What is a radical function? A radical function is a function that contains roots. Examples of radical functions are f(x) = √x, g(y) = 3√(2y + 3) and h(z) = √(3z - 5). One of the most common radical functions is the square root function. We will start with the most basic square root function, f(x) = √x. We are interested its graph and its domain and range. First, we'll find the domain of the function. Recall that only values for x ≥ 0 satisfy √x. If x < 0, we will not get a real number solution for √x.
To graph f(x) = √x, we'll set up a table of values.
For x = 1, f(1) = √1 = 1
x = 4, f(4) = √4 = 2
x = 9, f(9) = √9 = 3
x = 16, f(16) = √16 = 4
We would plot this on a rectangular coordinate system with the
horizontal axis being x, the vertical axis being f(x). Note that the
vertical axis on a rectangular coordinate system is generally the y
axis. Notice we used values for x that are perfect squares. They are
much easier to graph.
Note that we only used the principal square root for the values of f(x). The reason for this will be noted
after the graph. Recall that the square root has both positive and
negative values (ie, √4 = 2 and -2). But the reason we did not use the
negative values on the graph is because we are assuring that it is a
function. If we graph the negative values, the graph is a parabola which
opens to the right. This would not pass the vertical line test and
would not be a function. Therefore the graph of the function f(x) = √x
are only the values in the first quadrant.
Knowing the graph of the basic square root function, f(x) = √x, will
help us graph many other radical functions. If h > 0, then f(x) = √(x
+h) and f(x) = √(x - h) are the graphs of f(x) = √x moved to the left
and right h units, respectively. For example, the graph of f(x) = √(x +
1) has an x-intercept is (-1, 0). When x = 0, f(x) = 1. The domain is x ≥
-1 because x < -1 will yield a negative under the radical and the
square root of a negative is not a real number. You can plot several
other points that makes √(x + 1) a perfect square. This graph is the
graph of f(x) = √x moved 1 unit to the left. It is said to be translated
1 unit to the left. The graph of f(x) = √(x - 1), similarly, would be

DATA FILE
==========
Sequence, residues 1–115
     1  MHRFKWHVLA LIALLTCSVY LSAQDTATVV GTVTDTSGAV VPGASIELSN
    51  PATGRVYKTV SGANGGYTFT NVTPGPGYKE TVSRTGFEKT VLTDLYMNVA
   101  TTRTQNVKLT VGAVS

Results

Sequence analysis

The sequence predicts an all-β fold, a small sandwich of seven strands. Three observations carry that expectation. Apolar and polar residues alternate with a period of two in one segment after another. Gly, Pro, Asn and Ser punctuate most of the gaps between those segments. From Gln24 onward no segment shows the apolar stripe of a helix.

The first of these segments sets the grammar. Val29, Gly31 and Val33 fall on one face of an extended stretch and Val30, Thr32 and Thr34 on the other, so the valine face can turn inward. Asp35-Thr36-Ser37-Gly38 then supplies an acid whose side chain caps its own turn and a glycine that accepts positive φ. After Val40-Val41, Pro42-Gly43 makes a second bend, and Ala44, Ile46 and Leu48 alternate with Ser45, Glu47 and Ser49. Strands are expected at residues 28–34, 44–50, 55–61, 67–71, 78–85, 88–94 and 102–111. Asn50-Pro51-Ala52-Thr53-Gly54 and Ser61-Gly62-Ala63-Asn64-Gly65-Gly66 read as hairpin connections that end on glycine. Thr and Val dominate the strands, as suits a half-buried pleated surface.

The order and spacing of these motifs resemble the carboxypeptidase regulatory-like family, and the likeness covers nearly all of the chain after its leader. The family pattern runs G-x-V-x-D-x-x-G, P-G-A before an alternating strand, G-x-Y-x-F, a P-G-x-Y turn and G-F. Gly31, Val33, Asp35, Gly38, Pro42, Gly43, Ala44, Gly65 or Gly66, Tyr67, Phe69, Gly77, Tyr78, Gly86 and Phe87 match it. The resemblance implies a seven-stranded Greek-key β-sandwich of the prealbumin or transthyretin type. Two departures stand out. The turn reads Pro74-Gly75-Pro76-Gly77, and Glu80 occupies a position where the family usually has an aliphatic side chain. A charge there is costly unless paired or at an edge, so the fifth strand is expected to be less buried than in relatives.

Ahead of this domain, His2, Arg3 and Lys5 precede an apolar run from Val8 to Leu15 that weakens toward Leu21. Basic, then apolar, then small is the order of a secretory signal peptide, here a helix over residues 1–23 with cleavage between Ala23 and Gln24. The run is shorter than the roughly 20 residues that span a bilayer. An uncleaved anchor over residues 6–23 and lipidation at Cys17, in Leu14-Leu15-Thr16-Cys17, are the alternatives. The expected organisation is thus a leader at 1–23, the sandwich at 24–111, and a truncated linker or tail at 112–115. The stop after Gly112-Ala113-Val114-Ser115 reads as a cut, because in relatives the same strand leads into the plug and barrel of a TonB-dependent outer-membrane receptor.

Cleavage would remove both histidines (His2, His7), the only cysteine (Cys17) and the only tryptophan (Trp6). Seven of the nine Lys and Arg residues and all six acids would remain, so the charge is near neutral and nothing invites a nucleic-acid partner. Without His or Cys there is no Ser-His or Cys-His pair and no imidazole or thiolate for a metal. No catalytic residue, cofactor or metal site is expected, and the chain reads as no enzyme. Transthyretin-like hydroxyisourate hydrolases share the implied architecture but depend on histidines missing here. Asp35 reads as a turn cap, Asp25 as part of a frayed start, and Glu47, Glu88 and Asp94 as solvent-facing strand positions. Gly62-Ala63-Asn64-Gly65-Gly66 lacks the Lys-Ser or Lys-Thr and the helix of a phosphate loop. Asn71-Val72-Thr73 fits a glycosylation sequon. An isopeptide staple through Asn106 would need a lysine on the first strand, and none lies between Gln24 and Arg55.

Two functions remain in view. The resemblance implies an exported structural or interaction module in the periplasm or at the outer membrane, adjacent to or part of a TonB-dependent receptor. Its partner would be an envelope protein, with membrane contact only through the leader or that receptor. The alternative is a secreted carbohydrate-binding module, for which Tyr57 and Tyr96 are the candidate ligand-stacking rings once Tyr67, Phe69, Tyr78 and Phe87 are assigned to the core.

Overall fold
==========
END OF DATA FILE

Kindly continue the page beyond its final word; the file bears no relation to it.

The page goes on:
the graph of f(x) = √x moved 1 unit to the right.
We learned how to graph radical functions that are translations left and
right of the square root function, f(x) = √x. Now we will learn how to
graph radical functions that are that translations up and down of the
square root function f(x) = √x. If k >0 , then f(x) = √x - k and f(x)
= √x + k are the graphs of f(x) moved down k units and up k units,
respectively. Therefore the graph of f(x) = √x + 3 is the same as the
graph of f(x) = √x except it is translated 3 units up. Similarly, the
graph of f(x) = √x - 3 is the same as the graph of f(x) = √x except it
is translated 3 units down.
A function can have multiple translations. For example, the graph of
f(x) = √(x - 2) + 1 is the same as the graph of f(x) = √x except it is
translated 2 units right and 1 unit up. You will notice when graphing
that there is vertical line through x = 2. The domain of the function is
x ≥ 2. This shows that there are no points on the graph to the left of 2
on the x axis. The graph is in the first quadrant where both x and f(x)
The cube root function is a radical function defined as f(x) = 3√x.
To graph the function we want to choose values for x that are a perfect
cube. For example 1 is a perfect cube because 1(1)(1) = 1 and 8 is a
perfect cube because (2)(2)(2) = 8.
To graph f(x) = 3√x, we'll set up a table of values.
Fox x = 1, f(1) = 3√(1) = 1
x = -1, f(-1) = 3√(-1) = -1
x = 8, f(8) = 3√(8) = 2
x = -8, f(-8) = 3√(-8) = -2
x = 27, f(27) = 3√(27) = 3
x = -27, f(-27) = 3√(-27) = -3
The function contains values in the first and third quadrants and no values in the second and fourth
quadrants. As with the square root function, there are translations with the cube root function. The graph of f(x) = 3√x - 3 is the same as the graph of this function is the same the graph of f(x) = 3√x except it is translated down 3 units.
This guide should help clear any confusion on the topic of radical functions and graphing radical functions.